The world is split between two sorts of people: Those who enjoy camping and those who don’t. The Camping Life was written with the aim of inspiring those who don’t enjoy camping to try sleeping under canvass.
That said, in its 222 pages, the book does more than encourage the reader to sleep under canvass. It has chapters on all sorts of camping options such as: Glamping, staying in treehouses and staying in vans. There is also a small section dedicated to families wanting to camp, although I will come on to that in a moment (you can also win yourself a copy, see the Giveaway Gleam at the end of this post).
I should add that most years, I take my kids on the one camping trip. They love going camping and while I can’t tell you I am a hardcore camping enthusiast, I do feel cheated if I don’t get a couple of nights in a tent each year, usually over the summer holidays.
Let’s not get too carried away. Let me introduce The Camping Life to you properly. The book was produced by writer Brendan Leonard and photographer Forest Woodward. This pair first met while on a camping trip in California in 2012. They’ve made a number a short films about their subsequent camping adventures, but this is the first book they’ve created.
The one stand-out thing about this book is Woodward’s photography which is stunning. In the age of Instagram you really do have to go for it to produce head-turning photography and the landscape images in this title are amazing.
As Leonard makes clear in the introduction, The Camping Life was inspired by the following quote, from Scottish-born writer and naturalist John Muir in his book Our National Parks:
“Thousands of tired, nerve-shaken, over-civilised people are beginning to find out that going to the mountains is going home; that wilderness is a necessity.”
Our National Parks was published in 1901. If people were “nerve-shaken” back then, Leonard figured things must be much worse now with the constant onslaught of digital communications. With that thought in mind, The Camping Life was made to encourage people to discover the great outdoors.
Following the introduction, there is a list of vital camping equipment and also some advice about packing a backpack and camping with dogs.
There are chapters dedicated to camping in snow, combining kayaking and camping, cycling and so on. The book is interspersed with other brief chapters with titles such as A brief List of Feelings you Can Experience Camping That You (Nearly) Can’t Get Anywhere Else, How to Spend a Month camping Without Quitting Your Job and Camping Solo.
Each section of the book features a list of good camping sites. If, for instance, you are a hardcore camper and want to camp in the snow, the book suggests Mount Shasta in California, Mount Adams in Washington and Mount Whitney in California. If you want to try glamping, the book suggests destinations in New York State and California.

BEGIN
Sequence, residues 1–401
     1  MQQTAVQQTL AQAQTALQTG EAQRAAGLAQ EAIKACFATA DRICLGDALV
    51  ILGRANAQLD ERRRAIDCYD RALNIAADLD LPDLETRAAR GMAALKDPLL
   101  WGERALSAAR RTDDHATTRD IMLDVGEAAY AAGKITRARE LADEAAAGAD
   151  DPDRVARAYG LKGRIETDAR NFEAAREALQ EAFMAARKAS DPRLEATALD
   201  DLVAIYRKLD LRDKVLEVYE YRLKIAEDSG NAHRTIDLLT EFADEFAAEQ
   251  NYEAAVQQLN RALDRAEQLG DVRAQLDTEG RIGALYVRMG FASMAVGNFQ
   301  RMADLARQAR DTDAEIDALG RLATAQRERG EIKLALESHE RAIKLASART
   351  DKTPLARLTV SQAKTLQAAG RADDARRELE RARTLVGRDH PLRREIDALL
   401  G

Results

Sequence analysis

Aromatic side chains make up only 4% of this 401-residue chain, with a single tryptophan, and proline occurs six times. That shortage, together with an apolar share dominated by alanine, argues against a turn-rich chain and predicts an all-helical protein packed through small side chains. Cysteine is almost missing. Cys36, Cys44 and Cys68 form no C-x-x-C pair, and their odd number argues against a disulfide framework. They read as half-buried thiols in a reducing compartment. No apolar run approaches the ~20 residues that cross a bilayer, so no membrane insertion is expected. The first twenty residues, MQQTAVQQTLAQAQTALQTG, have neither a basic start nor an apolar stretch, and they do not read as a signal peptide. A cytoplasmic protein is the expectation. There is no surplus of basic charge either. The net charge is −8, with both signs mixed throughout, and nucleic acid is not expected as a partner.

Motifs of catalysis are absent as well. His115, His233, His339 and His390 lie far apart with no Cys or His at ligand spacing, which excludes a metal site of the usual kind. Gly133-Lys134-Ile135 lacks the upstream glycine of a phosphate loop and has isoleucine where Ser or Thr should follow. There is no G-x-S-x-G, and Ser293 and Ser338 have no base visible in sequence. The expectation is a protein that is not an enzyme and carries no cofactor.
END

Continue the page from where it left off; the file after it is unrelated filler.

This highlights The Camping Life’s one weakness: The overwhelming majority of camping destinations it suggests are in the Americas. There are exceptions such as The Dolomites in Italy and some Nordic cycling trails, but they are few and far between. In fact the one destination to feature in the book where I have actually camped is the beautiful Torres del Paine National Park in Chilé.
There’s no escaping the book has a bias towards the United States. When it comes to providing advice on what to take and the various different styles of camping, that’s not a problem as it’s relevant no matter where you are in the world. When it comes to imagery, it’s a blessing as Woodward has taken stunning pictures in the wilderness of the US. If you were looking for specific information about camping in the Lake District, however, you aren’t going to find it in this book.
As for advice for families, there are a couple of pages featuring Ten Tips for Camping With Kids. The advice in this section is good, such as having a second tent kids can play in if it gets wet and doing a test camping trip in your back garden before going on a big camping adventure. That said, it was a bit disappointing to see that was the only advice for families. Considering huge numbers of families do camp, a bit more dedicated advice for those of us with youngsters would have been a good idea.
That said, the strapline for the book is: Inspiration and ideas for endless adventures. This is a beautifully bound, hardback book. It is inspiring and the imagery is first rate. Don’t expect any detail about camping in the UK and this book is not specifically aimed at families. That said, if you’re looking to inspire your family to go camping or are interested in trying it out, The Camping Life is a good place to start.
The Camping Life by Brendan Leonard and Forest Woodward is published by Artisan Books. It is on general release and widely available with a cover price of £18.99.
The Camping Life giveaway
I have one copy of The Camping Life to giveaway. To win a copy, follow the instructions in the Gleam below and leave a comment at the very end of this blog post explaining why you’d like a copy (Entrants must be 18 years old or older and UK residents).The Camping Life giveaway
All images excerpted from The Camping Life by Brendan Leonard and Forest Woodward (Artisan Books). Copyright © 2021. Photographs by Forest Woodward.